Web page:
Thursday, October 4, 2012

A 30th Anniversary Family Photo

We often talk about the "Harvard Family," a phrase that rings hollow to some who find Harvard expressing the family love more passionately during fundraising season than other parts of the year. But after you've been teaching for awhile, it is impossible not to have a family love for people you knew years before, when they (and you) were younger and less formed. Santayana expresses beautifully the joy of working forever with the young, and yet seeing some of them in their maturity. "While we are young," he says, "and as yet amount to nothing, we retain the privilege of infinite potentiality. The poor actuality as not yet taken its place, and in giving one thing made everything else forever unattainable." That seems a bit sour for a Harvard professor, even given that Harvard admissions did not have the standards in his day that it has in mine. In any case, today's students have enough job changes that they can certainly count on more than one realization of their potentiality.

A few years after I started teaching, I started maintaining a list of my teaching fellows. I work with these students, including many undergraduates, very closely. Of course I pick only people who have already shown their promise in Harvard coursework, and then mentor them about taking responsibility for teaching and grading and helping each other be the best. It's a pretty amazing alumni club, including professors of computer science at Harvard, Yale, MIT, Stanford, Cornell, and a bunch of other top CS departments, as well as some prominent scientists in industry. The full list is posted here. I don't think there are any errors, but there are some lacunae in the early years; if by chance anyone out there can fill in the gaps I would greatly appreciate it.

Many of these people stayed friendly with each other and with me long after that intense teaching experience. In fact two marriages (that I know of) emerged from the intimate experience of designing and grading problem sets and sharing teaching tricks. I haven't had any children of TFs as TFs, though I have certainly had some children of students as students!

In the fall of 1982, I taught CS50, intro CS (it was then called AS11 and was a Pascal programming course). This was only the second year the course existed; today it has become legendary (see this lovely tribute to today's CS50 posted by an HBS student). We graded the hour exam on Halloween and after we were done doing that, the TFs were invited over to my house for dinner. One of them got the bright idea to get up in Harry Lewis Halloween costumes. I snapped this picture, which will be 30 years old in a few weeks.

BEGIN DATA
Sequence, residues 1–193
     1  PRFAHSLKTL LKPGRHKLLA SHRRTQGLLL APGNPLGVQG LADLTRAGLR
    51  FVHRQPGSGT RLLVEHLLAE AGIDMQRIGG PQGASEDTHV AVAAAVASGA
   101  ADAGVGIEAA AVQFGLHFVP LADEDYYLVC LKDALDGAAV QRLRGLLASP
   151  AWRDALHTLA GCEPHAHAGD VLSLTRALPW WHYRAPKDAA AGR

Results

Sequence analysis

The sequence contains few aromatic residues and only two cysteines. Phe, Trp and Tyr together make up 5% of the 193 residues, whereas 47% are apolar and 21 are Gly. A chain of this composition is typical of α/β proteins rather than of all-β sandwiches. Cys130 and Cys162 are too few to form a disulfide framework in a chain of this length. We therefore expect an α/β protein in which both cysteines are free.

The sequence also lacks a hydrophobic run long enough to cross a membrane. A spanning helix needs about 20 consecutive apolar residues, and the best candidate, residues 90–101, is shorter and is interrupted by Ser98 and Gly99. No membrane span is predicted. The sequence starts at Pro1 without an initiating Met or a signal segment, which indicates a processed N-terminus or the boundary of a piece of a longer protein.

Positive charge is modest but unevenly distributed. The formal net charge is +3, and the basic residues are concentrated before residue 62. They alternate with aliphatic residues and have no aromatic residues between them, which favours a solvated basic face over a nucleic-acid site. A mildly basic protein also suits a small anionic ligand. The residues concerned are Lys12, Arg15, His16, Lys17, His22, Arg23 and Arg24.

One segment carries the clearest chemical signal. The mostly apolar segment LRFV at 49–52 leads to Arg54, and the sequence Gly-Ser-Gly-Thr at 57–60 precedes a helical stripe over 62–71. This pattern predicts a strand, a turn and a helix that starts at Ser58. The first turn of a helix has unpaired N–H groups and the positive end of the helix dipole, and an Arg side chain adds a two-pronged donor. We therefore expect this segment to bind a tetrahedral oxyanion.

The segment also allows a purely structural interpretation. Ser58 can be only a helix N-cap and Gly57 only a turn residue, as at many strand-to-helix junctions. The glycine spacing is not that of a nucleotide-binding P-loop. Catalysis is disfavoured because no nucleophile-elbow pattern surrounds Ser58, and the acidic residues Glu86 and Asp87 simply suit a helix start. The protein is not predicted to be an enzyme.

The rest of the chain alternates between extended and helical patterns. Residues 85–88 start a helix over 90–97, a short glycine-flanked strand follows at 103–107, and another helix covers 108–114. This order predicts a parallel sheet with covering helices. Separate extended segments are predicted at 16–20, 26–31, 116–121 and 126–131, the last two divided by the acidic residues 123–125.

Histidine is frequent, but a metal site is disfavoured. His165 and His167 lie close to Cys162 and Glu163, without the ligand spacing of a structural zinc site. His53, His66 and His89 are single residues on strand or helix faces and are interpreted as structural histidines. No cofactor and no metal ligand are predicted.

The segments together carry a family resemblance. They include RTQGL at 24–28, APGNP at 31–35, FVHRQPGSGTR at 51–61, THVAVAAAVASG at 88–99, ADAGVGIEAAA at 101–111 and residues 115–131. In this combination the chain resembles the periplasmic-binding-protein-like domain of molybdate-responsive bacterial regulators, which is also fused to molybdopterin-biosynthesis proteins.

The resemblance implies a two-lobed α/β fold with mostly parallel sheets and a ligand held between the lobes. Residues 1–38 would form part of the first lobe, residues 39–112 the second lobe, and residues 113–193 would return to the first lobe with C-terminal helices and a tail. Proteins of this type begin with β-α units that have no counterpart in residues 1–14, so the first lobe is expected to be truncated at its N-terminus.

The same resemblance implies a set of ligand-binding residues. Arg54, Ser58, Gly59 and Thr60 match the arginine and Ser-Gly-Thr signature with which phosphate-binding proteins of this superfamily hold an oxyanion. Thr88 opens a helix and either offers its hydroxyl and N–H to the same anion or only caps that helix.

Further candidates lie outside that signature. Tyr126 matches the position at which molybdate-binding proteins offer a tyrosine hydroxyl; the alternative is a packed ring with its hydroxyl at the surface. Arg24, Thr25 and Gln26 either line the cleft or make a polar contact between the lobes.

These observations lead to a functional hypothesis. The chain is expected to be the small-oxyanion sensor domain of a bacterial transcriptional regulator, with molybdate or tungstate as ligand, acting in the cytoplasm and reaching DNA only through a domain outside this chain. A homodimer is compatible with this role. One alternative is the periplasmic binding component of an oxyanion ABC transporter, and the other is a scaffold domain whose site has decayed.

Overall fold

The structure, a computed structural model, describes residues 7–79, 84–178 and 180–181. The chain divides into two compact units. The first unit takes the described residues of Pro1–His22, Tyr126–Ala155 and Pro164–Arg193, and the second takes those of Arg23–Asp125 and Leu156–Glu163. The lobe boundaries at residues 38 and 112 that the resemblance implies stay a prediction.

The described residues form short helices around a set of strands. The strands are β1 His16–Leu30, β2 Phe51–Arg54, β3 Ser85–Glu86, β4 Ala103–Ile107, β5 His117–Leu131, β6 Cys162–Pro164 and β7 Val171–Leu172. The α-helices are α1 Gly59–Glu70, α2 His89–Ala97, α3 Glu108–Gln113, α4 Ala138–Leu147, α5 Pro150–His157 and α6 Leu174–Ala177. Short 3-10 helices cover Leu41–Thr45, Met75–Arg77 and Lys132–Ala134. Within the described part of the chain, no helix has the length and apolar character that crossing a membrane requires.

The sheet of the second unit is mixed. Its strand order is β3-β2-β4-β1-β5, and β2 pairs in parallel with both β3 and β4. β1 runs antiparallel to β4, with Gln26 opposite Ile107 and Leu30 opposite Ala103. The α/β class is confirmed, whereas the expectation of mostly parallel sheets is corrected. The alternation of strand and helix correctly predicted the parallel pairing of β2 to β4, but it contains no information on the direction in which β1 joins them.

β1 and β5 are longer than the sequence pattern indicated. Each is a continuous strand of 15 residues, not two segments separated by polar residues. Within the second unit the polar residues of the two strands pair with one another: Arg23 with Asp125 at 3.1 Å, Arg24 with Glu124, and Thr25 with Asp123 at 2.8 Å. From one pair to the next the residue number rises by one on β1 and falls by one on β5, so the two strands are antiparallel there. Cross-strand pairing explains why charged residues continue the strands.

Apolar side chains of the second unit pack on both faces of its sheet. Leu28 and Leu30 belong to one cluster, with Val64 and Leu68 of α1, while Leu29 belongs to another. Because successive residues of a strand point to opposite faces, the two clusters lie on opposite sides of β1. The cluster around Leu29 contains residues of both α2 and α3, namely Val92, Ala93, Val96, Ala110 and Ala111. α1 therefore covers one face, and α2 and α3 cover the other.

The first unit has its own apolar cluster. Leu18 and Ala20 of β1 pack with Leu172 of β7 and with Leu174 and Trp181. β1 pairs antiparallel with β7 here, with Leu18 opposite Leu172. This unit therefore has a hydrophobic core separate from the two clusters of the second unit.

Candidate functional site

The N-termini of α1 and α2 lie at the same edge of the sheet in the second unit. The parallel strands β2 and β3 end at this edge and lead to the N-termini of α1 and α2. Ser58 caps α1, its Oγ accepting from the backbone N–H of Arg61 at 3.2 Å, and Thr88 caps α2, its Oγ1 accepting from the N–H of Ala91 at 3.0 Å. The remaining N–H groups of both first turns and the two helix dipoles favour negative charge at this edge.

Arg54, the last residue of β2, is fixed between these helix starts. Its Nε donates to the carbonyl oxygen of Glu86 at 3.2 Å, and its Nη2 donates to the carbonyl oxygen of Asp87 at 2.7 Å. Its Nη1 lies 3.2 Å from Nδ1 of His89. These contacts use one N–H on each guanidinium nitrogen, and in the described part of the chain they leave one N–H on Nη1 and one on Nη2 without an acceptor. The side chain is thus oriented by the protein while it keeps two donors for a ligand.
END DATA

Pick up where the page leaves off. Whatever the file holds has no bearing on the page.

Here are the people in the picture, in their approximate positions:

                                                                   John Thielens   Michael Cote
        Craig Partridge          Penny Chase    Phillip Stern                              John Ramsdell          Ted Nesson  
       Anders Weinstein   Lisa Hellerstein       Larry Lebowitz  Phil Klein  Rony Sebok  Beth Adelson
  Christoph Freytag                                  Michael Massimilla                                        Jonathan Amsterdam
Margo Seltzer

And here, including the people who did not make it into the picture, are their current affiliations as far as I know. Some of them are informed guesses. Again, if anyone can supply better pointers I would love to have them.

Beth Adelson: Professor of Psychology, Rutgers U.
Jonathon Amsterdam: Software engineer, Google
Eric Carter: Cardiologist, Utah
Melissa Chase: Department head, MITRE
Michael Cote: Deceased
Larry Denenberg: Software engineer, Tripadvisor
Christoph Freytag: CS Professor, Humboldt University, Berlin
Boo Gershun: Lives in Boston area
Adam Gottlieb: Lost
Lisa Hellerstein: CS Professor, NYU-Poly
Charles Hurd: Team Lead, Instruments Data Systems Group at Susquehanna International Group (SIG)
Philip Klein: CS Professor, Brown U.
Larry Lebowitz: Chief Investment Officer, The Investment Fund for Foundations
Joe Marks: previously head of Mitsubishi Lab in Cambridge and Disney Research, now with a startup
Michael Massimilla: Senior Director, Software Architect at DealerTrack
Ted Nesson: Senior Director of Engineering at Pegasystems
Craig Partridge: VP for Network Research, Raytheon BBN
John Ramsdell: MITRE
Rony Sebok: VP, Operations, 1 Beyond
Margo Seltzer: CS Professor, Harvard
Phillip Stern: FPGA Design Verification Lead, Teradyne
John Thielens: Chief Architect, Cloud Services, Axway
Anders Weinstein: Senior Research Programmer, Robotics Institute, CMU

A fabulous group and I am proud to know them all, including the ones I have not seen since shortly after the photo was taken. But there are two who deserve special mention. One is Margo Seltzer, who improbably wound up (after realizing a few other actualities) my wonderful colleague, a few doors down from mine in Maxwell Dworkin. She deserves a shout, if for no other reason, because she organized this Halloween-costume stunt.